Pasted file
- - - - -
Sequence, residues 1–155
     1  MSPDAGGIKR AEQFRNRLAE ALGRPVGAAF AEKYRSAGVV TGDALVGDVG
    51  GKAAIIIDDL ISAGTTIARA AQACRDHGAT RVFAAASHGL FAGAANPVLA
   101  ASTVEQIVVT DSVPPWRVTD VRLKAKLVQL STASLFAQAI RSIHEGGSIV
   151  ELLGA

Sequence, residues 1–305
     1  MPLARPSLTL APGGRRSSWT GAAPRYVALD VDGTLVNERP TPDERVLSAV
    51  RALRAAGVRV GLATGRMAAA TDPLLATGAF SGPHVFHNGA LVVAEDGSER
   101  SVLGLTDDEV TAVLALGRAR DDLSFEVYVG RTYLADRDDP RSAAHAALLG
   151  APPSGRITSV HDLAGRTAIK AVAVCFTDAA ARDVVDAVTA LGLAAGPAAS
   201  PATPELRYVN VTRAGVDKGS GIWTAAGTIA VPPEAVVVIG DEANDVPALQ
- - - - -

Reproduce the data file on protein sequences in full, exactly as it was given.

Sequence, residues 1–155
     1  MSPDAGGIKR AEQFRNRLAE ALGRPVGAAF AEKYRSAGVV TGDALVGDVG
    51  GKAAIIIDDL ISAGTTIARA AQACRDHGAT RVFAAASHGL FAGAANPVLA
   101  ASTVEQIVVT DSVPPWRVTD VRLKAKLVQL STASLFAQAI RSIHEGGSIV
   151  ELLGA

Sequence, residues 1–305
     1  MPLARPSLTL APGGRRSSWT GAAPRYVALD VDGTLVNERP TPDERVLSAV
    51  RALRAAGVRV GLATGRMAAA TDPLLATGAF SGPHVFHNGA LVVAEDGSER
   101  SVLGLTDDEV TAVLALGRAR DDLSFEVYVG RTYLADRDDP RSAAHAALLG
   151  APPSGRITSV HDLAGRTAIK AVAVCFTDAA ARDVVDAVTA LGLAAGPAAS
   201  PATPELRYVN VTRAGVDKGS GIWTAAGTIA VPPEAVVVIG DEANDVPALQ